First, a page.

Launched in August, the Anti-Violence Project seeks to improve public safety in Brownsville and enhance local perceptions of justice.  The project will pursue these goals through two major efforts.  First, monthly “call-in” forums where parolees returning to the neighborhood meet with law enforcement, social service providers, and ex-offenders who have put their lives back on track.  Participants at these meetings receive a targeted, three-pronged message: that future violent behavior will be rigorously prosecuted at the state and federal levels; that many ex-offenders have successfully and positively re-entered the community; and that individuals seeking help will receive the community and service providers’ support.  The second major effort involves a public education campaign to promote non-violence and promote cooperation between residents and local law enforcement. 

Many of the project’s community and government partners addressed the crowd gathered at the press conference.  U.S. Attorney for the Eastern District of New York Loretta Lynch observed that the gun violence in Brownsville was something that “we can’t prosecute our way out of… but we will prosecute [those who participate in violence].”  Her remarks were echoed by Brooklyn District Attorney Charles Hynes who focused on the Anti-Violence Project’s commitment to re-entry services for parolees returning to the community.  New York City Police Commissioner Ray Kelly emphasized the drastic drop in crime rates around the city while acknowledging the need for greater strides in communities like Brownsville.  Commissioner Kelly expressed the Department’s enthusiastic commitment to the Anti-Violence Project saying, “[The NYPD] is open to any good ideas for reducing crime.”



One of the stars of the conference was Mark Tanis of the Pitkin Avenue Business Improvement District, who passionately described his life-long ties to Brownsville and expressed the desire to see the neighborhood’s streets returned to the safer thoroughfares he fondly remembered from his youth. On behalf of the community he conveyed the hope that this grant funding would be put to good use.  He finished by saying, “the more shoulders, the lighter the load.”  Denise O’Donnell, Director of the Bureau of Justice Assistance, remarked that while the library was a beautiful and incredible asset to the neighborhood, “one of the greatest assets is clearly community members [like Mark Tanis].”

Many community members in attendance had questions about the program, specifically seeking information about how funds will be distributed and the selection process for hiring the Anti-Violence Project Coordinator.  James Brodick, Project Director for the Brownsville Community Justice Center, responded, saying, “We’re committed to hiring locally – and we already have team members [at the Justice Center]… .”  from the community, many of  whom were present at the event.  Brodick went on to explain that the grant called for a six-month planning process during which time input would be solicited from community stakeholders to help determine how the project’s funds would be expended to maximize the grant’s impact.

Tuesday was a great day for Brownsville.  With the help of local partners, community leaders and the federal funding, the prospects for Brownsville’s future are growing brighter every day.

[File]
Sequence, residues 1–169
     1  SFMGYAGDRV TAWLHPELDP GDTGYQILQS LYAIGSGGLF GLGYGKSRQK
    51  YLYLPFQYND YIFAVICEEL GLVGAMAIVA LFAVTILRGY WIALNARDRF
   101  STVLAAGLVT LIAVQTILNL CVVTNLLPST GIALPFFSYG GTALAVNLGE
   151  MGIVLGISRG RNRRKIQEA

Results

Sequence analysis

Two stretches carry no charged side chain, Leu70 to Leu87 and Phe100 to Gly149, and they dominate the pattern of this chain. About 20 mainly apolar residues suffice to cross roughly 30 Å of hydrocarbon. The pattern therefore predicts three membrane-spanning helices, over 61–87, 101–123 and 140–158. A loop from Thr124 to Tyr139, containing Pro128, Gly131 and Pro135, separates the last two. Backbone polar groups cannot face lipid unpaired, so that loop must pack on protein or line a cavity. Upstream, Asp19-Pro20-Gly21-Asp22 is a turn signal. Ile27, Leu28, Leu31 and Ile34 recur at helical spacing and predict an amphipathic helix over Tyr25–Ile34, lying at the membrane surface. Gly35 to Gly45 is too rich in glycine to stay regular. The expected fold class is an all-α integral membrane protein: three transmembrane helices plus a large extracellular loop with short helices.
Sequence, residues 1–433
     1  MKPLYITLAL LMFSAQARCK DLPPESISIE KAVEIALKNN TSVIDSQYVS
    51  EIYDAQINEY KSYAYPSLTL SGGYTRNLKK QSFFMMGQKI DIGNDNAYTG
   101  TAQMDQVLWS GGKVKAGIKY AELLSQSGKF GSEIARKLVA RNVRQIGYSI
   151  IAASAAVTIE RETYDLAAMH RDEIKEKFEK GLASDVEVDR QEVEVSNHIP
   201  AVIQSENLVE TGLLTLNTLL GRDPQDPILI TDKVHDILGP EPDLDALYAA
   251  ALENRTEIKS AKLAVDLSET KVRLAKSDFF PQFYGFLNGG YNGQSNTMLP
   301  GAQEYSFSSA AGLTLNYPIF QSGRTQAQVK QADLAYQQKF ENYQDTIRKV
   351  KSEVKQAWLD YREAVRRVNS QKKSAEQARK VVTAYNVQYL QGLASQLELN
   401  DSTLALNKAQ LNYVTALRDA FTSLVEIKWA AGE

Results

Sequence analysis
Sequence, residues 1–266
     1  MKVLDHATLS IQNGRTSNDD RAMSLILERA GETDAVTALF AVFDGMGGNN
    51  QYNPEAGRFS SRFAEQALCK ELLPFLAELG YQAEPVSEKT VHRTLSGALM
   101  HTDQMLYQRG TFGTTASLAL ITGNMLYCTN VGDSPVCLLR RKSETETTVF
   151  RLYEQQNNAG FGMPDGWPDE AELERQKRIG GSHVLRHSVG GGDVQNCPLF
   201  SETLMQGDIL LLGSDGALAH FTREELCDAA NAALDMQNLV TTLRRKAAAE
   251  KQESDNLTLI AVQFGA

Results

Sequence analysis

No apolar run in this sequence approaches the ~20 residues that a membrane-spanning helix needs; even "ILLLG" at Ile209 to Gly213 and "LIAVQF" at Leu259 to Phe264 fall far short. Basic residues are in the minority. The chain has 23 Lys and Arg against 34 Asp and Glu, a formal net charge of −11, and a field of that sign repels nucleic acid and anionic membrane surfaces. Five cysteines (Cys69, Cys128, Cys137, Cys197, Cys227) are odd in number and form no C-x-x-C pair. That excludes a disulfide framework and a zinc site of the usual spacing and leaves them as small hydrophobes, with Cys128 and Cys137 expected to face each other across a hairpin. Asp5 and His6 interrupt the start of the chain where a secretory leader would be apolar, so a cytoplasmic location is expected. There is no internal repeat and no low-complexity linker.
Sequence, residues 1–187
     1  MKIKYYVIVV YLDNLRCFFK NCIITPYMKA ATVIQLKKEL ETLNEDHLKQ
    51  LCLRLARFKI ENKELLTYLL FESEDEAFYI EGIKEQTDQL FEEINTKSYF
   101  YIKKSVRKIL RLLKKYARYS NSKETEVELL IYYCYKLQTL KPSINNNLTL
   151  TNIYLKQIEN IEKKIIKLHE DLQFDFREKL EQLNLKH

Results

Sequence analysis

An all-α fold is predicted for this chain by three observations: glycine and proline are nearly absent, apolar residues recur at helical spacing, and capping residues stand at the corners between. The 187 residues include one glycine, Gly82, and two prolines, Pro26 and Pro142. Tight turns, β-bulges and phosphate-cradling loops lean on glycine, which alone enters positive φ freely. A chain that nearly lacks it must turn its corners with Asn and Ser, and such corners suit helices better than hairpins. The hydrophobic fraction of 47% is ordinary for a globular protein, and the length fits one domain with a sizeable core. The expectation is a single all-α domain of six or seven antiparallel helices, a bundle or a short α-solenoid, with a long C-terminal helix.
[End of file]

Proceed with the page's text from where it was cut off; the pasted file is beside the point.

For information about the new initiative contact James Brodick, Project Director, Brownsville Community Justice Center, at 347-404-9580.

For further details including links to other press coverage and audio excerpts from the event visit the website of the Center For Court Innovation website, here

Conflict Resolution and Mediation Training in Brownsville

Conflict.  As we seek both to reduce nieghborhood conflicts (especially those that lead to gun violence) while also working with our the members of our Justice Community program to help them achieve their educational, job readiness, and pro-social potential, we realized early that helping people acquire new skills and approaches for dealing with interpersonal and group conflict was very important.

We're proud to say that on August 29, 2012, twenty members of our Justice Community program took part in a day long Conflict Resolution workshop led by the expert staff from the New York Peace Institute.  In the training, our members discussed the types of conflicts they typically encounter, the types of responses they use, how those responses do or don't work for them, then learned and tried out a wider array of responses, in the process becoming cognizent that no one approach is necessarily better, but that we have a choice from among an array of different styles that we can use and each may lead to different results.

Following the training, two members who expressed interest in learning more were able to go on to participate in a five day mediation training, together with professionals from around the City, also lead by the New York Peace Institute, and one of those members will also continue, starting this week, in their apprenticeship program which may lead to formal approval as a trained mediator.

In the future, other members of the program will take the mediation training and may be eligible for the apprenticeship program as well.  The goal is to develop the abilities of young people in the neighborhood to respond to conflict creatively.  We hope that these young people will inform, inspire, and teach others!